The rope between the United States and Venezuela continues to loosen.
The governments have agreed to an exchange of prisoners, which becomes the most important agreement reached since the president of the United States, Joe Biden, relaxed his policy on Nicolás Maduro, president of Venezuela.
Five former managers of Citgo, the subsidiary of PDVSA in Houston, arrested in 2017 in Venezuela when they came to a work meeting at the oil company, and Mathew Heat and Osman Khan, arrested in a military operation deactivated by Venezuelan authorities, were released this Saturday to exchange for Franqui Flores and his cousin Efraín Campo Flores, nephews of the first lady Cilia Flores, according to US government officials in a call with journalists.
The same sources indicated that the exchange of prisoners took place in a third country, which they did not reveal, where planes from the United States and Venezuela arrived with the prisoners.
There the exchange took place.
The negotiations on the US side have been led by the special presidential envoy for hostage affairs, Roger Carstens, and the State Department team.
Biden had signed the pardon for the Venezuelan prisoners for weeks, but the negotiations have dragged on.
For the president, freeing those convicted of drug trafficking has been a "hard and painful" decision, these sources have said.
Flores and Campo Flores, the nephews of "the first combatant," as Maduro calls her, were arrested in Haiti in a raid by the United States Drug Enforcement Agency (DEA) in 2015, when they were 31 and 32 years respectively, and they were immediately taken to New York to stand trial.
They were sentenced the following year to 18 years in prison in a case that further exposed Chavismo to accusations of their links to drug trafficking at the highest level.
They were serving their sentence in a Florida prison.
In a statement, the White House indicated that this Saturday the former managers of Citgo, Jorge Toledo, Tomeu Vadell, Alirio Zambrano, José Luis Zambrano, José Pereira (who does not have US nationality, but resided in the country) as well as Matthew Heath and Osman Khan, detained in the military operation.
"These people will soon be reunited with their families and back in the arms of their loved ones, where they belong," Biden said.
The managers were summoned in 2017 to a meeting at the headquarters of the company's headquarters in Caracas and once there, they were taken away by masked security agents who entered the offices.
For its part, the Venezuelan Foreign Ministry confirmed the release of "two young Venezuelans unjustly imprisoned in that country," without revealing their identity, and also noted that they decided to release Americans subject to legal proceedings in the country for humanitarian reasons.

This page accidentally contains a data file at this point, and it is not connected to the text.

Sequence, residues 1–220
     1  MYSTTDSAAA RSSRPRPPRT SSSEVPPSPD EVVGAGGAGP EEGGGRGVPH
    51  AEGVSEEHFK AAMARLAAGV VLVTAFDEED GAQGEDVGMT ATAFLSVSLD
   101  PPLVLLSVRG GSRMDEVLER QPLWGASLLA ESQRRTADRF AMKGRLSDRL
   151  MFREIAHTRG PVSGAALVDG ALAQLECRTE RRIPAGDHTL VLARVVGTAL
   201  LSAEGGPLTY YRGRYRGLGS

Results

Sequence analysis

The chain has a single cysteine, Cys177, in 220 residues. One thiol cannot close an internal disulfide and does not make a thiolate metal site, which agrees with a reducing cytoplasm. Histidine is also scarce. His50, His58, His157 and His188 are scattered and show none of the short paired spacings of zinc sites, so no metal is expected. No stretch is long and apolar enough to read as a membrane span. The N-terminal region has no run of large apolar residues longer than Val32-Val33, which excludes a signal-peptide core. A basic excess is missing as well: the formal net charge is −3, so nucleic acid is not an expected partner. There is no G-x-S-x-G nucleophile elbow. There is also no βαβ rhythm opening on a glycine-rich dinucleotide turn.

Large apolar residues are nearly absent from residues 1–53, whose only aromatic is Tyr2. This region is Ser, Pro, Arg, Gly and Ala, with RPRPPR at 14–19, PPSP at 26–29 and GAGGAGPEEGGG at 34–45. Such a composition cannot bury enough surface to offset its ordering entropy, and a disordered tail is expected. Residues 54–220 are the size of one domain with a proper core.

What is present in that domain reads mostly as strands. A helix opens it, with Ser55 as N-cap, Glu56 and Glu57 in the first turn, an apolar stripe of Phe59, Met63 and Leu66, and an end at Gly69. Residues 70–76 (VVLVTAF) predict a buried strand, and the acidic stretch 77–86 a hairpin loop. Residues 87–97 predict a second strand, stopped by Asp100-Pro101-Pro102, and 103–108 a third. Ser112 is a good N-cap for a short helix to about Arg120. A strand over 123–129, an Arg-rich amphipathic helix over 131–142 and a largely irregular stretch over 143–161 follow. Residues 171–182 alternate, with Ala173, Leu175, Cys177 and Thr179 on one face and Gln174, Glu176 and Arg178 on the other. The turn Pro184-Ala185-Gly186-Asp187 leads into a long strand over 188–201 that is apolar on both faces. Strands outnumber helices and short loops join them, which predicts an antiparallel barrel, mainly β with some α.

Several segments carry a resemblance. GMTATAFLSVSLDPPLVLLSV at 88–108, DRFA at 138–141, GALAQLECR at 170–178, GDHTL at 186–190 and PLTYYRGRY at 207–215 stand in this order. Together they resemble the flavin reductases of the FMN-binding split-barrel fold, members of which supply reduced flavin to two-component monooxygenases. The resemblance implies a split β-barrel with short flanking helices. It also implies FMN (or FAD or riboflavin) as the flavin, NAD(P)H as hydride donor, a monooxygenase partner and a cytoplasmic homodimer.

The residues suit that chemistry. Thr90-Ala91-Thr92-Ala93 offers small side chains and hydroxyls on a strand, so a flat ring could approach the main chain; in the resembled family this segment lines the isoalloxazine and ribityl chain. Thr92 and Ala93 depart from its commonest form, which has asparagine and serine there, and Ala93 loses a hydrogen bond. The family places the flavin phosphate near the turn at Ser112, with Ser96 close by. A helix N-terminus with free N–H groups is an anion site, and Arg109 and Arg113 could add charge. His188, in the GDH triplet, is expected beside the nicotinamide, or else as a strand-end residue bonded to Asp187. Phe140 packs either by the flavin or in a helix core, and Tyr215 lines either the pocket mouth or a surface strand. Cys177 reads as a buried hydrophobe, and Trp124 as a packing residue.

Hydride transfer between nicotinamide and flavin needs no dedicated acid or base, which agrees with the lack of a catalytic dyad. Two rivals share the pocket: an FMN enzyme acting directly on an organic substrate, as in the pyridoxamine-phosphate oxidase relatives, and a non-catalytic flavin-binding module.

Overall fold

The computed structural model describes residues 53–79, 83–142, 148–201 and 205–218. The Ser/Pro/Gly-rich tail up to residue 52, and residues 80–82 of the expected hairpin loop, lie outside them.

“We welcome the release from Venezuela of six wrongfully detained US citizens and one lawful permanent resident of the United States,” said US Secretary of State Antony Blinken.
"While we celebrate the release of these US citizens from Venezuela, we still have more work to do," he added.
This gesture comes after months of crossings and attempts to approach each other between Washington and Caracas, which began on March 5 of this year, just on the anniversary of the death of Hugo Chávez, with the first visit by high-ranking US officials in years to Venezuela, where there is not even an American embassy.
The Government of Joe Biden had already made an important concession to Maduro, which was to remove Carlos Malpica Flores, another nephew of the first lady, with high positions in the Government, from the list of the Office of Foreign Assets Control and PDVSA and that has been pointed out in several corrupt plots.
These approaches took place in the context of the crisis in the energy market that was unleashed after Russia's invasion of Ukraine and the veto imposed by the United States on Russian oil.
In this context, Venezuela, which until 2019 was a regular supplier of crude oil to the United States, re-entered the scene as a potential supplier, a strategy that would imply a lifting of sanctions, which from the White House have always made Venezuela's return to negotiations with the opposition started a year ago in Mexico.
The United States allowed the American oil company Chevron to negotiate the terms of its future activities with Venezuela, but nothing effective has yet materialized.
Chavismo has also vehemently requested the exchange of these prisoners for another member of Maduro's entourage, Colombian businessman Alex Saab, who faces trial in Miami and this condition has also entered into the struggle with the United States.
Until now, the rapprochement between the two countries has allowed these releases of detainees.
On the side of the Maduro government, no gestures have yet been finalized, but it was expected that talks between the delegations could resume in October.
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